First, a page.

"Miller and Lightner continued their course together out Olive Street until they reached Campbell, where Miller turned north on the latter street.  He had only a short distance to go, however, as he was confronted in the middle of the bridge over Jordan [Creek] by an excited looking man, who headed him off at that point and held an ugly looking weapon too close to be comfortable.  Miller trembled when he saw the pistol pointed at him, but he quaked like an aspen when he discovered that the man who held the aforesaid head-splitter was no less a person than Bob Cooper, the plucky editor of the Springfield News.  His heart went down into his boots and his hair raised his hat off his head while he right about faced and took the road to the jail with the doughty Bob behind.  Bob is becoming a celebrated case between running a newspaper and a hotel and making a full hand on the police force.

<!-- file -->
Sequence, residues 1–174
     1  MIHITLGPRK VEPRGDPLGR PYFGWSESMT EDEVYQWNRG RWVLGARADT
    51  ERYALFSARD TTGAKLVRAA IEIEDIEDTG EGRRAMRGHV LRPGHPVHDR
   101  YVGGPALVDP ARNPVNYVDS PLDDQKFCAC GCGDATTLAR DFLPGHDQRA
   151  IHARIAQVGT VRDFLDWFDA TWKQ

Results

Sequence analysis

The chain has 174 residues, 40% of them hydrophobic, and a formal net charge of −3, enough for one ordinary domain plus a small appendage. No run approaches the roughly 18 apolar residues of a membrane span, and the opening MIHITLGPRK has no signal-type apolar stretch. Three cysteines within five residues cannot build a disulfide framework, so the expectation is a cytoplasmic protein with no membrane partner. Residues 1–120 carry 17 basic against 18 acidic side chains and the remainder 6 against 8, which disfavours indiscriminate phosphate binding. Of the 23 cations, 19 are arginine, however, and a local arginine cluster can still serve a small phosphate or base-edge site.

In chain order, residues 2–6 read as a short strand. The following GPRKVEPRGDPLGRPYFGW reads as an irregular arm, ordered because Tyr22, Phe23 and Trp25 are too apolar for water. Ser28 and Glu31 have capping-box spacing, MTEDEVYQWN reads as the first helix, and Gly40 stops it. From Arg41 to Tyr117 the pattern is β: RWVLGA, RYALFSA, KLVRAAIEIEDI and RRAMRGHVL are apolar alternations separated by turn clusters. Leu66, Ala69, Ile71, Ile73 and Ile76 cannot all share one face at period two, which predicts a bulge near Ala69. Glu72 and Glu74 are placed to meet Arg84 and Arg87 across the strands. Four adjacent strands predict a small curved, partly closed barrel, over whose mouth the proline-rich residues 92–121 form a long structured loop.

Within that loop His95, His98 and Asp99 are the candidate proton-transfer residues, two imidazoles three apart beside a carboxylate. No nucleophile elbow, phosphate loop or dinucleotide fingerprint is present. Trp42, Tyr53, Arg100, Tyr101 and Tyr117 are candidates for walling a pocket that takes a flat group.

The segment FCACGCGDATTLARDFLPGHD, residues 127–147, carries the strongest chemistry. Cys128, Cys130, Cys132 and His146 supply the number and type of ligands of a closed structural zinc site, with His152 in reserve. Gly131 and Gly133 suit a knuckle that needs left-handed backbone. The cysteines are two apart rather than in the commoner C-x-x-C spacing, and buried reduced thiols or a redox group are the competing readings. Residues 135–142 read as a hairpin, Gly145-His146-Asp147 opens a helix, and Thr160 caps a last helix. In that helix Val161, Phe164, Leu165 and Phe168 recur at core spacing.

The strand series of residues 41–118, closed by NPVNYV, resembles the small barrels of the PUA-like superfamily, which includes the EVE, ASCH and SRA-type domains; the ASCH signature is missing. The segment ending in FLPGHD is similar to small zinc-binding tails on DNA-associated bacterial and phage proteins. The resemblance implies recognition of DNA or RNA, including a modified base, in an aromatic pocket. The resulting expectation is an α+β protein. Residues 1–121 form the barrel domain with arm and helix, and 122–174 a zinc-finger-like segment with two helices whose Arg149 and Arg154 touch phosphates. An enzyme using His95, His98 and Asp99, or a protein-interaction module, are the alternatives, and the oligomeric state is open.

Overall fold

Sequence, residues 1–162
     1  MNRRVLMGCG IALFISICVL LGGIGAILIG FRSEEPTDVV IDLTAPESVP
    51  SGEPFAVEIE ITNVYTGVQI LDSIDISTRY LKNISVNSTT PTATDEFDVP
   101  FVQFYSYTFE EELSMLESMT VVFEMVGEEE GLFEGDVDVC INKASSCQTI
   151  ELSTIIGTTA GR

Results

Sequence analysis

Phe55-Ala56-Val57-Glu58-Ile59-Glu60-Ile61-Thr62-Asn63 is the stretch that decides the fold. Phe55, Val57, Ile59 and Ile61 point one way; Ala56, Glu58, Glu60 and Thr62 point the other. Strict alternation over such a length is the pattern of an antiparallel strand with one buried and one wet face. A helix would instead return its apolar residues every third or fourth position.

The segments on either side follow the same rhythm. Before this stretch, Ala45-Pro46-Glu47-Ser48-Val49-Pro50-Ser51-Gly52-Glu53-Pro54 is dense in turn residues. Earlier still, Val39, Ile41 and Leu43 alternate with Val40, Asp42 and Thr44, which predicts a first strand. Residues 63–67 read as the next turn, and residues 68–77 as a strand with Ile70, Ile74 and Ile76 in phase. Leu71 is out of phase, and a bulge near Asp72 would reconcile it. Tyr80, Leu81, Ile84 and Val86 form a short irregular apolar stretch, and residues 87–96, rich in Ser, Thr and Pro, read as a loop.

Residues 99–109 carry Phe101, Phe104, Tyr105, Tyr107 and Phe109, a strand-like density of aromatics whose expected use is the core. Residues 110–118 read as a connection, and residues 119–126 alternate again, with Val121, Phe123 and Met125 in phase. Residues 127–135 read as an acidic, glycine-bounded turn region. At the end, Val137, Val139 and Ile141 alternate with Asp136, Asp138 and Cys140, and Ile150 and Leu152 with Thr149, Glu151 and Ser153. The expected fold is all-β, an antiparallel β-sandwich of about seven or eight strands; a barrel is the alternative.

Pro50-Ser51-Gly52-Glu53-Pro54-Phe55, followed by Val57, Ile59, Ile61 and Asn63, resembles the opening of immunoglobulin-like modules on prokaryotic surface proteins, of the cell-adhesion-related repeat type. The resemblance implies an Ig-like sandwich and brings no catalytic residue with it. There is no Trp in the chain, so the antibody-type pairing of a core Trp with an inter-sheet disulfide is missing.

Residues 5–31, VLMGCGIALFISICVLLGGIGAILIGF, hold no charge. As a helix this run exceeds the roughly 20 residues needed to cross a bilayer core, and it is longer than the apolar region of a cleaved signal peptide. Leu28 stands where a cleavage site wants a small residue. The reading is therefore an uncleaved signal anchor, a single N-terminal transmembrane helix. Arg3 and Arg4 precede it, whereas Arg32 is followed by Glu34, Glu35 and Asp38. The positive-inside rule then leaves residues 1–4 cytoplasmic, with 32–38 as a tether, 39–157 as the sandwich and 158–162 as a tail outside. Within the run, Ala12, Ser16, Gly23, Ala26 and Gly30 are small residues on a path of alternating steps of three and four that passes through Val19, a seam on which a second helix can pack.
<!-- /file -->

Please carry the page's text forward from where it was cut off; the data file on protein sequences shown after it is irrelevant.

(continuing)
"Mr. Sam Elzy mounted the discarded steed of Lewis, as that gentleman was yanked off to jail and made him do good service in the pursuit and capture of the third fugitive, Lightner.  The burglar did not show any surprising amount of endurance and was speedily overtaken near the Gulf depot, by Mr. Elzy accompanied by several other parties on foot, where after an ineffectual attempt to dodge out of sight through a train of freight cars he hove to in answer to repeated calls to halt, with the remark that ‘he was about played out.’